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Administrative skill

Newton’s long term contribution to the Royal Mint nevertheless seems in retrospect to be small for the greatest mind of the age. Such a view does not conflict with Montague’s assertion that the success of the Great Recoinage was due in great measure to Newton’s able administration, but it runs counter to the claim of the historian Macaulay that Newton speedily produced a complete revolution within the Royal Mint. On the contrary, he left the Royal Mint in 1727 very much as he found it 30 years before. Good administrator as he may have been, he was not an innovator and in his own words was far more comfortable in the search for precedent than in ‘embarrassing initiative’. The medieval organisation of the Royal Mint was therefore left intact.




Bronze statuette of Newton by the nineteenth-century sculptor William Beattie, presented to the Mint in 1954 by the daughter of a former Deputy Master

Bronze statuette of Newton by the nineteenth-century sculptor William Beattie, presented to the Mint in 1954 by the daughter of a former Deputy Master

Central portion of a disputed gold trial plate of 1707 which, having inadvertently been made finer than the legal standard, caused alarm and confusion at the Trial of the Pyx in 1710

Central portion of a disputed gold trial plate of 1707 which, having inadvertently been made finer than the legal standard, caused alarm and confusion at the Trial of the Pyx in 1710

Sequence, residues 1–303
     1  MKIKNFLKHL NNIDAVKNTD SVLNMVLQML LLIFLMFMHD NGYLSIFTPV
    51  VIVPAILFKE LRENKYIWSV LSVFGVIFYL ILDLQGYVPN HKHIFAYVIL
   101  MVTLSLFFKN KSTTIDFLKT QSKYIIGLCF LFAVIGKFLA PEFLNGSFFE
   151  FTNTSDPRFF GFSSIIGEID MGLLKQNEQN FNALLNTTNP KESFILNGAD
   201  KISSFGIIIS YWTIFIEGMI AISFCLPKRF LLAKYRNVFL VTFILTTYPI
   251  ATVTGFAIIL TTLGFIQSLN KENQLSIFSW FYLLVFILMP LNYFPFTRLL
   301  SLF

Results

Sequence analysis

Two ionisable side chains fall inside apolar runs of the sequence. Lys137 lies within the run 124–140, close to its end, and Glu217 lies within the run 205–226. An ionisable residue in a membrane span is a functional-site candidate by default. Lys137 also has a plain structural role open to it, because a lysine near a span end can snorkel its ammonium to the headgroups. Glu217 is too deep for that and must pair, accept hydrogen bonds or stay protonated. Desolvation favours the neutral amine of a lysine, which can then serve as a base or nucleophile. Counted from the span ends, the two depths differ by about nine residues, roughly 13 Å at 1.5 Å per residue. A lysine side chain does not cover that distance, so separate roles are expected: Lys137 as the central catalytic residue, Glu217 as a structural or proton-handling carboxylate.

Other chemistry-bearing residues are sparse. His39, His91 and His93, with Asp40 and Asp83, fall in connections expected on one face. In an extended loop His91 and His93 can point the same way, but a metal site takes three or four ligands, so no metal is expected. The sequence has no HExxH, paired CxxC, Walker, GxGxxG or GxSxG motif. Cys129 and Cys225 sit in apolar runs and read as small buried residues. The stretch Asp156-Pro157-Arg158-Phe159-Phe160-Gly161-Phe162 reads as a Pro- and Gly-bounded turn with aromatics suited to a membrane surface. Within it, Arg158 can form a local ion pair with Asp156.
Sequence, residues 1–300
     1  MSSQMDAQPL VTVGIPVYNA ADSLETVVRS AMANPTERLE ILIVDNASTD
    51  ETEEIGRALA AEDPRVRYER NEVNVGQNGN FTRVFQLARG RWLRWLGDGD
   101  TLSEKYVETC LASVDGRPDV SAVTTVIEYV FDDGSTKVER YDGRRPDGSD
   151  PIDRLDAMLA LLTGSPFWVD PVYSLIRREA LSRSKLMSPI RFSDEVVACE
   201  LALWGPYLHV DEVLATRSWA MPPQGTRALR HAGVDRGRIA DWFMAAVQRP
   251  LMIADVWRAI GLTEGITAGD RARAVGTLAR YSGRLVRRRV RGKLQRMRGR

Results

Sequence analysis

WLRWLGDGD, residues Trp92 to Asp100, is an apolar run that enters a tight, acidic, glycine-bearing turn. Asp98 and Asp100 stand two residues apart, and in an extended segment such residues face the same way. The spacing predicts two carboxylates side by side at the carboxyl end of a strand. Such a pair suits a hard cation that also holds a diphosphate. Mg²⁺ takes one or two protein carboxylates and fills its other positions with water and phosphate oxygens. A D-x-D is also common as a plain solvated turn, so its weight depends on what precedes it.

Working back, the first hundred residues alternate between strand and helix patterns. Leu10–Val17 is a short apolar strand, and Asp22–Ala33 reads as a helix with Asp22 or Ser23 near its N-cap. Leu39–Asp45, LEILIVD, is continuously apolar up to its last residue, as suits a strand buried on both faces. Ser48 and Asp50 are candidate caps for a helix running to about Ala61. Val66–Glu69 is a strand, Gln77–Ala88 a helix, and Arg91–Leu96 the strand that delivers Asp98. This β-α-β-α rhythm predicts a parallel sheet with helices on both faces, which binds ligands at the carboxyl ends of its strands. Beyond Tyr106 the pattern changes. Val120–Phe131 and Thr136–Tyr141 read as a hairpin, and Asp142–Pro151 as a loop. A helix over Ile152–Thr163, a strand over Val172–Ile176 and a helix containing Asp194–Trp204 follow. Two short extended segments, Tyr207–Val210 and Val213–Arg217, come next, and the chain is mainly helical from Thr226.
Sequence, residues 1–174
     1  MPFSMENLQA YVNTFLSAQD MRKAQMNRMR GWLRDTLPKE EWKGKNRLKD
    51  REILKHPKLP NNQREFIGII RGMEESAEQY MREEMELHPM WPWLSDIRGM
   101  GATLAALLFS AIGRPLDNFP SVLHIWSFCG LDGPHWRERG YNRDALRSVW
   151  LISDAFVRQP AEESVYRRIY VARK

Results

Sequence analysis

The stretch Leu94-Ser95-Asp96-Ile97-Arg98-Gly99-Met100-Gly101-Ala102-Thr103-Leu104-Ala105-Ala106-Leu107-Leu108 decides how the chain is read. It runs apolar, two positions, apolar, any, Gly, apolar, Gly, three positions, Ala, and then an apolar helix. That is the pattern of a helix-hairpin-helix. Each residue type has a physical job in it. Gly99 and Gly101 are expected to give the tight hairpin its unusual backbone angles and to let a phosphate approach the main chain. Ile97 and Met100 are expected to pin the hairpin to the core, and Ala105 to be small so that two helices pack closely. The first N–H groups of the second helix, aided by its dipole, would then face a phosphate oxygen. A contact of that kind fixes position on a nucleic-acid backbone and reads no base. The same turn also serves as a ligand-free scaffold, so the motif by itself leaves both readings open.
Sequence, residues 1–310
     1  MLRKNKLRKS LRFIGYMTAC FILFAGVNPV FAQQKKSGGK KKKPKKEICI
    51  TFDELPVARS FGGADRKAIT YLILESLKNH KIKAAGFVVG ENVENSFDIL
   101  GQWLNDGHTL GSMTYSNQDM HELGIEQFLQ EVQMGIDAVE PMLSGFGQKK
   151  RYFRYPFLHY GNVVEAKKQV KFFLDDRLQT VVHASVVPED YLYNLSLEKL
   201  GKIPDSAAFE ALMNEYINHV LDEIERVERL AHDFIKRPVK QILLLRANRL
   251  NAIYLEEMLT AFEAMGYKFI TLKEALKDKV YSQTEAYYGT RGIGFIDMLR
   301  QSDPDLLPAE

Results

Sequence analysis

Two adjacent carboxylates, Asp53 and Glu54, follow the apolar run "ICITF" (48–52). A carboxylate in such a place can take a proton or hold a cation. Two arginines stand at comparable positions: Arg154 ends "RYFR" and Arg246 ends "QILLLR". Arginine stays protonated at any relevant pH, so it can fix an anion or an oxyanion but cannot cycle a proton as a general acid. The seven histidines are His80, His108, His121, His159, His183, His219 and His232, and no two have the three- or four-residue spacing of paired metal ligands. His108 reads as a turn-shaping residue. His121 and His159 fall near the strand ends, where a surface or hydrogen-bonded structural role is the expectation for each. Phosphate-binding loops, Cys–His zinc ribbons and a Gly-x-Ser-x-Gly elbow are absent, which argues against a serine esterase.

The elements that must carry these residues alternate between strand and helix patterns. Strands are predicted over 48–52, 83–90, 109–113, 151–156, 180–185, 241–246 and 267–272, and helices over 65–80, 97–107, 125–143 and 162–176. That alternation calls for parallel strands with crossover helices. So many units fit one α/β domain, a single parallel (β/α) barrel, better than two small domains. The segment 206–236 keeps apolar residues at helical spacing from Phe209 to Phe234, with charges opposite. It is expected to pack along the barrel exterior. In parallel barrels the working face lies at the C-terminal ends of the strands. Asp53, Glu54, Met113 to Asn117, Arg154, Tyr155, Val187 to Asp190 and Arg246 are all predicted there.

Draft submission to the Lords Commission of the Treasury, 1715,  one of many such documents in the  Mint papers at The National Archives

Draft submission to the Lords Commission of the Treasury, 1715,
one of many such documents in the
Mint papers at The National Archives

Concern for accuracy

Yet if there is no major reform of the Royal Mint with which his name can be associated, there was nevertheless a real and positive contribution. It is a contribution which shows itself especially in a concern for accuracy, for Newton wanted coins to be made of the correct weight and fineness, varying as little as possible one from another. Such accuracy was unprecedented and, with justice, Newton claimed that he had brought the coinage to a ‘much greater degree of exactness than ever was known before’. In these circumstances it is no wonder that he reacted angrily in 1710 to the mistaken judgement of the jury at the Trial of the Pyx that his gold coins were below standard.

Industry and integrity

A second aspect of his contribution was his undoubted industry. Although he had able deputies, he chose not to delegate everything, providing a welcome change from his predecessors. And finally, and more important still, there is his integrity. He was an honest and respected man who cared for his reputation and who, as in his scientific disputes with Flamsteed and Leibniz, passionately resented reflections on his moral integrity. He is said to have refused a bribe of over £6000 in connection with contracts for the coinage of copper, and there can be no doubt that he set a high standard at a time when corruption was rife.

In consequence Newton raised the status of the Royal Mint by his presence and by his behaviour. He secured a place for the Royal Mint in the highest counsels of the realm and his evident interest in mint affairs, sustained over 30 years, makes him a distinguished part of the history of the Royal Mint.